Carole King Musical is Beautiful Jan28


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Carole King Musical is Beautiful

Carole King’s Story Made Beautiful with a Beautifully Written Book

Jessie Mueller, Anika Larson, Jarrod Spector, and Jake Epstein in Beautiful - The Carole King Musical on Broadway at the Stephen Sondheim Theater (c) Joan Marcus

Jessie Mueller, Anika Larson, Jarrod Spector, and Jake Epstein in Beautiful – The Carole King Musical on Broadway at the Stephen Sondheim Theater (c) Joan Marcus

In the land of jukebox musicals, one thing makes the difference between a good one (Jersey Boys, for example) and a not-so-good one: the book.

On stage, there really needs to be a plausible story to link favorite songs by a particular artist, or you might as well just call it a revue, play the songs and get off stage. When plot is contrived to make an excuse to sing the next song, we see Broadway at its worst.

This is not the case for the Carole King Musical Beautiful with an excellent book by Douglas McGrath which just opened on Broadway. In fact the book is so good, I’m going to take a leap here, and say I think it’s the best book of a musical that tries to theatrically bring pop hits to the stage that I ever have seen. In this case, the songs are those written by King and Gerry Goffin as well as Barry Mann and Cynthia Weil.

So skilfull is the plot and telling of the life of music legend Carole King (sensitively and skillfully portrayed by Jessie Mueller), that if I hadn’t known better, I would have thought that the songs had been written specifically for this musical. There are no hokey build ups, humorous puns or other gimmicks to get to a song. They simply tell the story, or express how the character feels.

King’s story is personal, moving and surprising. At least it was for me. I became aware of the singer during the “Tapestry” album era in the 1970s, but had absolutely no idea that she had written so many rock and roll classics. As tunes like “Will You Love Me Tomorrow?,” “Up on the Roof,” and the “Locomotion” were performed (with choreography by Josh Prince) I discovered King had written a lot of songs I knew before I knew who she was.

This autobiographical story follows the composer from age 16, when she hopes to be a song writer and tries to sell her tunes to music promoter “Donnie” Kirschner (an engaging Jeb Brown). When she meets fellow college student and lyric writer Gerry Goffin (Jake Epstein) a professional and personal partnership takes off. They marry young and have a child, so Gerry spends most of his time working a day job to earn enough to move the little family into their own place and out of the home of Carole’s mother (Liz Larsen) who never has been supportive of her daughter’s song-writing ambitions.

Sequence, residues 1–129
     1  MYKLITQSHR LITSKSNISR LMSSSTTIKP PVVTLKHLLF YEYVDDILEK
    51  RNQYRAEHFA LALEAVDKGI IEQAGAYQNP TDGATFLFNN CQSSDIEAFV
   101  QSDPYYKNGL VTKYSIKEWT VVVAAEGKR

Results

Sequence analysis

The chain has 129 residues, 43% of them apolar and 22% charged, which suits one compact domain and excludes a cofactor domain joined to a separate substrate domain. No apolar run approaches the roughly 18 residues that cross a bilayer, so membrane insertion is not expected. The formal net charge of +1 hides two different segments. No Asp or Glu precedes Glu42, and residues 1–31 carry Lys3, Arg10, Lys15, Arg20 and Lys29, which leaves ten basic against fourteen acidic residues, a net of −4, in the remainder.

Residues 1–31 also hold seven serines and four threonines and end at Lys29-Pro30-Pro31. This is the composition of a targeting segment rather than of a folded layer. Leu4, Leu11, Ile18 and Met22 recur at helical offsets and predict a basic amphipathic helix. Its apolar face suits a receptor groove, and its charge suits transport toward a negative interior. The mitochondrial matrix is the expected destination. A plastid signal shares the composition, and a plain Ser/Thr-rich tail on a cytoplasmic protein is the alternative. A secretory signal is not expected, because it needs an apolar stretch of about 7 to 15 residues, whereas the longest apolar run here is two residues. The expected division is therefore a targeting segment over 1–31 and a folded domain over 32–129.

“Girls don’t write music; they teach is,” she tells Carole, who went on to write dozens of chart hits.

Carole and Gerry struggle through his depression issues and infidelity. They find friendship with the rival songwriting team of Barry Mann (Jarrod Spector) and Cynthia Weil (Anika Larsen) who see their professional relationship deepen into a personal one. Their tunes, like “He Sure is the Boy I Love,” You’ve Lost That Loving Feeling,” “Walking in the Rain,” and “We Gotta  Get Out of This Place” fill out the musical’s score.

Director Marc Bruni’s vision combines the story with visual elements (there’s a fabulous staging of a Broadway Melody near the top of the show) to make the production entertaining as well as a piece of theater. Alejo Vietti designs costumes for the multiple characters and recreates some of the fashions from the era.

That said, there are a couple of areas that could use improvement, notably the musical direction. No one holds the title and it’s obvious. Steve Sidwell does the orchestrations and vocal and music arrangements and Jason Howland supervises the music and additional arrangements. Arrangements for group numbers by The Drifters (E. Clayton Cornelious, Douglas Lyons, Alexander J. Robinson and James Harkness) and The Shirelles (Ashley Blanchet, Alysha Deslorieux, Carly Hughes) result in voices not being mixed well. To make matters worse, the sound (Brian Ronan, design) was not mixed well either. Some signers are loud, other we can’t hear. Leads are drowned out by backups, etc. There also were loud pops and feedback the night I attended.

Beautiful plays at the Stephen Sondheim Theatre, 124 West 43rd St., NYC.

This show contains:
– God’s name taken in vain
Lauren Yarger is a Member of The Drama Desk, The Outer Critics Circle and The American Theater Critics Association.